GO TO THE DOCTOR WITH YOUR PARENTS OR LOVED ONE. In order for everyone involved to have the best understanding of what is going on with your loved ones health, it is best for someone to go with them, especially once any health concerns arise. This will allow you to get all of the details on the tests, medications, and diagnosis that your loved one has. It also allows for you to ask the Doctor pertinent questions, get more information, and take notes so you and your loved one can have a better understanding of the status of their health. This will also help you recognize if your loved one needs to see a new doctor or specialist to get the best care possible depending on what health concerns they have. Building a relationship with your loved ones Doctor will also help if there is ever a medical emergency because they will know who you are, your relation to their patient, and whether or not they can release information to you.
MEDICAL CARE. Your loved one could potentially need short or long term medical attention in addition to help with their home care. For some, that may mean going to a nursing home or senior living facility depending on the circumstances, for others that may mean having medical attention provided at home. There are plenty of great options out there to choose from, but it is likely that your loved one will prefer to stay in their home while getting the medical attention they need.
Most health insurances cover at home medical care, including Medicare. If this is something your loved one needs you will need to get the necessary information about what your loved ones healthcare plan covers. It will be best to consult your loved ones doctor or the area Agency of Aging to discuss what local organizations are around you that provide this type of care.
ASK FOR HELP. It is normal to feel burned out because it is very time consuming, and can be emotionally and physically draining to take on the role of Caregiver. The stress of taking on that task can become very overwhelming when you add it to your already long list of career and family obligations. You need to not be afraid to ask for help. Are you married with kids? Ask your spouse to help make meals or help your loved one take their medications. Ask your kids to help pick up around the house more regularly or spend time with their loved one. This will not only help you out but it can bring generations closer together. Do you have siblings? Ask them to pitch in as well. Maybe they cannot pitch in as much time but they are willing to contribute financially. Discuss with them the possibility of hiring a caregiver to come in and help with bathing, dressing, cooking, or any other daily tasks.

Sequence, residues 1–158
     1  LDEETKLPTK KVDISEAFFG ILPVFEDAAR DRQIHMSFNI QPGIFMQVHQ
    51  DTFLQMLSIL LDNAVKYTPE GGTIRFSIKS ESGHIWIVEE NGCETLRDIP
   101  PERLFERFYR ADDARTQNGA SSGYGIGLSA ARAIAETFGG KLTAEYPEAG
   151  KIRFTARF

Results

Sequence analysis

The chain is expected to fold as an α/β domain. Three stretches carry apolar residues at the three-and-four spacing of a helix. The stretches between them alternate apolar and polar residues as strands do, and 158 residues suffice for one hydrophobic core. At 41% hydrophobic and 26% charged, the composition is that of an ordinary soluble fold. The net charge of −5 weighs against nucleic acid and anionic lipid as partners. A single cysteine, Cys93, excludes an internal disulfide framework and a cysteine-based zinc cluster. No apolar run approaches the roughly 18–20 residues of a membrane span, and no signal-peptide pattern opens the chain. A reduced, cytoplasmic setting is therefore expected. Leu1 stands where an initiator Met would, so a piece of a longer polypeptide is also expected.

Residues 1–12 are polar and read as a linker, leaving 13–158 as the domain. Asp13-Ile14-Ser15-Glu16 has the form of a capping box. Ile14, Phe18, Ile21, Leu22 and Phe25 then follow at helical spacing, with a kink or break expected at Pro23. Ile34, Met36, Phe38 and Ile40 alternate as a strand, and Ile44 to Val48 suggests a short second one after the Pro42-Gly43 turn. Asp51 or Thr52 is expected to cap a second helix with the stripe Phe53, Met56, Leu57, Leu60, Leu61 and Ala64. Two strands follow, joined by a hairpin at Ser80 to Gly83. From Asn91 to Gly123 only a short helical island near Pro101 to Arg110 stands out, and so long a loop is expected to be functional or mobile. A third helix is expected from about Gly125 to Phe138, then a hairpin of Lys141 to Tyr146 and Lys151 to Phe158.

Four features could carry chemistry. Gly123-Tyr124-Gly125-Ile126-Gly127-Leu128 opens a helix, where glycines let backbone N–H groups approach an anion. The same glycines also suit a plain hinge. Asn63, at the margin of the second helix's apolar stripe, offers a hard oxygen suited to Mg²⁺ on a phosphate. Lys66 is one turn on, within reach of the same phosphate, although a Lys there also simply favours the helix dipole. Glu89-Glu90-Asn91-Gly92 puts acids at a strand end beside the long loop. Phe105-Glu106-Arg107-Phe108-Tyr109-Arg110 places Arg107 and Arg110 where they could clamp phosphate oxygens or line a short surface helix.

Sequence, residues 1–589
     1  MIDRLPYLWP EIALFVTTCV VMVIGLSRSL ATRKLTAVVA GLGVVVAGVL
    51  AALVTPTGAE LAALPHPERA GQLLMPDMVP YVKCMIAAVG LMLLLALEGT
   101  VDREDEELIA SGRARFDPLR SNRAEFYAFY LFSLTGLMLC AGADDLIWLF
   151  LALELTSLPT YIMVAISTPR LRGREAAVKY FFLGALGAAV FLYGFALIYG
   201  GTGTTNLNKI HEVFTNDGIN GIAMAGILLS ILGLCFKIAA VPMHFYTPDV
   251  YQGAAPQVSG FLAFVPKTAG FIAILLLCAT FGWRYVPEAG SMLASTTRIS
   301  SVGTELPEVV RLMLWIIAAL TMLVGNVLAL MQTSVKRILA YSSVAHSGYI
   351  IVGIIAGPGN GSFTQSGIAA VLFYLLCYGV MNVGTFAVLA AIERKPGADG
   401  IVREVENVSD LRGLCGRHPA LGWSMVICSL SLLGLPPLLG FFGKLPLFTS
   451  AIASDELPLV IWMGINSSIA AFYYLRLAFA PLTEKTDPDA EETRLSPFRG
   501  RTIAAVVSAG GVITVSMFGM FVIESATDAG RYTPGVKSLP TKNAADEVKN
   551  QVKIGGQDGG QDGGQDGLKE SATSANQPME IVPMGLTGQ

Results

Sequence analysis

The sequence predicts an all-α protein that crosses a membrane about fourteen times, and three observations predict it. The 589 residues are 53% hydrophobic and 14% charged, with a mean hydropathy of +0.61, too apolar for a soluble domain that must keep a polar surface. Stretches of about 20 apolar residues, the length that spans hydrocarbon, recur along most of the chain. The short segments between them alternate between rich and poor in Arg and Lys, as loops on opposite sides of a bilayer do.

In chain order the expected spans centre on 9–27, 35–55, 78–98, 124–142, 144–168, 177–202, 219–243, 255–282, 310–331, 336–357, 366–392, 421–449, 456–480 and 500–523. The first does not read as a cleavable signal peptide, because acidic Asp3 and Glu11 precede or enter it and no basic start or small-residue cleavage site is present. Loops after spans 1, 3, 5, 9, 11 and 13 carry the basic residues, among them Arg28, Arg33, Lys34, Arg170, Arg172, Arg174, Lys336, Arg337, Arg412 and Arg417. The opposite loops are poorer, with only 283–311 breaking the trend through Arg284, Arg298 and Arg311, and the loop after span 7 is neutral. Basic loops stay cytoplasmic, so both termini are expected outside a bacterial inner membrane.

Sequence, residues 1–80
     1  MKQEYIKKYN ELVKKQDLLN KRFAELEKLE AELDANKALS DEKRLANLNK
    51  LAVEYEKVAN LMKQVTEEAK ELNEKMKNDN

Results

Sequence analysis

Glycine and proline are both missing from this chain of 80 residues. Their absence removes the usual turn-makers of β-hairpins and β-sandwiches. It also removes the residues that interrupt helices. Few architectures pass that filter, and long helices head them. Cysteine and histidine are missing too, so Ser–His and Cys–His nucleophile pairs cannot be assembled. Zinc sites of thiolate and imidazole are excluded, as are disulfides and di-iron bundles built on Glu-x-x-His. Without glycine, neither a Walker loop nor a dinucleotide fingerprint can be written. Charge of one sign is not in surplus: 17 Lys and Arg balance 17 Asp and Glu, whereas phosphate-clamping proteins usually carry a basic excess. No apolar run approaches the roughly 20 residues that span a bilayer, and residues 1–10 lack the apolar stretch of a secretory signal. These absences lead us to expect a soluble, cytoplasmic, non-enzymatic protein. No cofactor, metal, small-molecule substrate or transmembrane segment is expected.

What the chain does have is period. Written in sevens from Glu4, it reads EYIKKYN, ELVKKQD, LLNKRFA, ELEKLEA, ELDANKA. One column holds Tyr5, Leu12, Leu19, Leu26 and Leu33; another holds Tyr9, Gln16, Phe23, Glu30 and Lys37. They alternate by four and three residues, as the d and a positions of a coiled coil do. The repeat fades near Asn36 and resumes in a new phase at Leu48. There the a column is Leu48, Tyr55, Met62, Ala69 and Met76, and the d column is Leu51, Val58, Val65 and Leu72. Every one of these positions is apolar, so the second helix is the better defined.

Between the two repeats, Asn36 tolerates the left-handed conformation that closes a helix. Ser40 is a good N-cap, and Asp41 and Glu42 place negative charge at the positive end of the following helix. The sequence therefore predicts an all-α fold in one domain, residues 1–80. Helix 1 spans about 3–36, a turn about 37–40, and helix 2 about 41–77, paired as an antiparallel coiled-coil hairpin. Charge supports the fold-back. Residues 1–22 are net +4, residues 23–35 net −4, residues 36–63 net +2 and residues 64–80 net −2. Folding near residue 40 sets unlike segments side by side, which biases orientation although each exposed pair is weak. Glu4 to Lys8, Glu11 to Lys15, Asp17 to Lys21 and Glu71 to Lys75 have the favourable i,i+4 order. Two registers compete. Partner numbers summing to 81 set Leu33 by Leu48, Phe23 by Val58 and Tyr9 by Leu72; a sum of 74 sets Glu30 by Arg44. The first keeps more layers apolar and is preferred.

Your health is also important so you need to take care of yourself. Asking for help or hiring help will not make you a failure and you should not feel guilty for it. The odds are, your loved ones will feel the same way and will be happy to see you take a break and devote some time to yourself. As one of our non-medical care services, we offer Respite Care to our clients and their family members.
Caring for a loved can be very difficult to balance, but it can also be very rewarding. It gives you an opportunity to spend more time with your loved one. It is a great opportunity to spend quality time together and to learn more about them or your family history. There are a lot of great resources to assist with medical and non-medical home care that are very beneficial to use so that everyone can be happy and get the care they need.
We offer visiting nurse services as well as non-medical home care. Our visiting nurse organizations serve the Berks County and Pottstown area and provides service for Physical Therapy, Occupational Therapy, Home Health Aide, Social Services, Speech Therapy, Wound Ostomy & Continence, Surgical Outpatient, Psychiatric & Mental Health, High Tech Infusion & IV Therapy, In-Home Technology, Hospice & Palliative Care & Medication Management. Most of these services are covered by health insurance, especially Medicare.
Advantage Home Care is non-medical and provides complete personal care, companionship, homemaker support and transportation services for our clients. We also offer clients and their family members support with special services such as respite care. It is important to note that Medicare and most health insurance will not cover non-medical services. Advantage Home Care accepts Long Term Insurance, VA Benefits and PDA waivers for homecare.